Negative sweat test in hypertrypsinaemic infants with cystic fibrosis carrying rare CFTR mutations

Eur J Pediatr. 2002 Apr;161(4):212-5. doi: 10.1007/s00431-001-0910-8.


Persistent hypertrypsinaemia in newborn screening for cystic fibrosis (CF) recognises subjects at high risk to be affected. Diagnosis is confirmed by a positive sweat test and/or by the presence of two mutations in the cystic fibrosis transmembrane regulator gene. The aim of the present study was to evaluate the occurrence of a negative sweat test (chloride < 60 mmol/l) during the first months of life, in hypertrypsinaemic infants, which would lead to a delayed diagnosis. We reviewed clinical charts of CF patients born between January 1993 and September 1998, when the neonatal screening programme consisted of an immunoreactive trypsinogen (IRT)/DNA (F508del) + IRT strategy. Laboratory and clinical data were collected for patients diagnosed after 12 months of life. Out of 446,492 newborns, 104 CF patients were diagnosed giving an overall incidence of 1:4293. Of these, six had a blood IRT level above the cut off value (99th percentile) and a negative sweat test in the first trimester of life. At a mean age of 3.5years, the patients were again referred to our CF Centre for re-evaluation in order to confirm or exclude the disorder. Molecular analysis identified the following genotypes: F508del/A309D, F508del/3849 + 10kbC-->T, F508del/R117H (in two patients), R117H/ L997F, and F508del/R117L.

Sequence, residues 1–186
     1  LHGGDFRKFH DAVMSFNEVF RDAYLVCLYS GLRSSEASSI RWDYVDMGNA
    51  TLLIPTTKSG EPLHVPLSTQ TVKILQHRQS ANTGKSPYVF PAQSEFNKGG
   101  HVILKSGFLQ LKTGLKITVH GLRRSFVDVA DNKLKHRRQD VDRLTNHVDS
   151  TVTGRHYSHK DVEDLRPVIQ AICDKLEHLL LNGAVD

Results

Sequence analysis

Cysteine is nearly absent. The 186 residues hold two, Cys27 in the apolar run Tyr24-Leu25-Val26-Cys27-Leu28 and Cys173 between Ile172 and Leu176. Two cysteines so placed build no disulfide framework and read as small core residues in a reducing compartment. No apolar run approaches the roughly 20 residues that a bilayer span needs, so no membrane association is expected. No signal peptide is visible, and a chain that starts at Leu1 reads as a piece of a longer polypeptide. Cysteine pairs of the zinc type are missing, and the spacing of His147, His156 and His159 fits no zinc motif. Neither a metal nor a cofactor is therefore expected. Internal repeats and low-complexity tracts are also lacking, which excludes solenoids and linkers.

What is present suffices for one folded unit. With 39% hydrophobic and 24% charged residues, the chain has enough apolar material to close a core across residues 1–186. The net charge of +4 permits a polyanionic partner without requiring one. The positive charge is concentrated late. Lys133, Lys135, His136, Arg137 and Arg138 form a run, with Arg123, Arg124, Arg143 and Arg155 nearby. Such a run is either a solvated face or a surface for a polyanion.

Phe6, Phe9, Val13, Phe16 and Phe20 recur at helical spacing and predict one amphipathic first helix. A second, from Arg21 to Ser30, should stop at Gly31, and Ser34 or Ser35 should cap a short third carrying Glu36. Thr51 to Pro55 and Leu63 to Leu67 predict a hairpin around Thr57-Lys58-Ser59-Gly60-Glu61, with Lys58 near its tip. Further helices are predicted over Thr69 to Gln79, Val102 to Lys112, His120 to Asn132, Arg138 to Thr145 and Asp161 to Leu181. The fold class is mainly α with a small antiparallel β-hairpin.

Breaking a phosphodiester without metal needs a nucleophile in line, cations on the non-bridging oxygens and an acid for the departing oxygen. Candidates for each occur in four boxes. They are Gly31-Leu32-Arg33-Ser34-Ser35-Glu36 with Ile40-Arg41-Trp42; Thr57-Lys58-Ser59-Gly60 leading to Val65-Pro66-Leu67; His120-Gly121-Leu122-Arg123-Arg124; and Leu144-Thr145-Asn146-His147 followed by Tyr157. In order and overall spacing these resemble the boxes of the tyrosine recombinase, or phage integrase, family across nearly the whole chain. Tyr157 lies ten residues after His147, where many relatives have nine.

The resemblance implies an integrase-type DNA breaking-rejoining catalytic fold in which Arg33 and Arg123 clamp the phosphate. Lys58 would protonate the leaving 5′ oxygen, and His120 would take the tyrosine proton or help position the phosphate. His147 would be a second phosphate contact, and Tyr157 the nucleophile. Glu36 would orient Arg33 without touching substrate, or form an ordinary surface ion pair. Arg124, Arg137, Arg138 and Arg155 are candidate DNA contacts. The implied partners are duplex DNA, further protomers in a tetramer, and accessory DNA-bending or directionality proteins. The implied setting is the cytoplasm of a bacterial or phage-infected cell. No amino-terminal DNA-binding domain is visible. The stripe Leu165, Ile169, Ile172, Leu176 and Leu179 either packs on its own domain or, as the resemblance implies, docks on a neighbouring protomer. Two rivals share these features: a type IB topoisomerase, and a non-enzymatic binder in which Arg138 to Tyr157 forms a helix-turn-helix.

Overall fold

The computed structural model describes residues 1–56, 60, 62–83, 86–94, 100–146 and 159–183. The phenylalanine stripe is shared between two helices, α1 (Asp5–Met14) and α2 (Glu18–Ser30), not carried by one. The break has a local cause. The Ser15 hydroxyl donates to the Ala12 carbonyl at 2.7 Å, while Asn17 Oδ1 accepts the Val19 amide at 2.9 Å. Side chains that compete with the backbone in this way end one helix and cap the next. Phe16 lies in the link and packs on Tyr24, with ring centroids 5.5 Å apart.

Conclusion: Infants with cystic fibrosis bearing a spectrum of mild cystic fibrosis transmembrane regulator gene mutations may present as hypertrypsinaemic newborns with a sweat chloride within the normal range. Reference values for normal sweat test during the first months of life should be revised. A wide molecular genetic analysis is recommended for newborns presenting persistent hypertrypsinaemia and a sweat test result > 30 mmol/l in order to diagnose atypical forms of the disease.

MeSH terms

  • Child
  • Child, Preschool
  • Chlorides / analysis
  • Cystic Fibrosis / blood
  • Cystic Fibrosis / diagnosis*
  • Cystic Fibrosis / genetics
  • Cystic Fibrosis Transmembrane Conductance Regulator / analysis*
  • Cystic Fibrosis Transmembrane Conductance Regulator / genetics
  • Female
  • Humans
  • Infant
  • Infant, Newborn
  • Male
  • Mutation
  • Neonatal Screening*
  • Sweat / chemistry*
  • Trypsin / blood
  • Trypsinogen / blood


  • CFTR protein, human
  • Chlorides
  • Cystic Fibrosis Transmembrane Conductance Regulator
  • Trypsinogen
  • Trypsin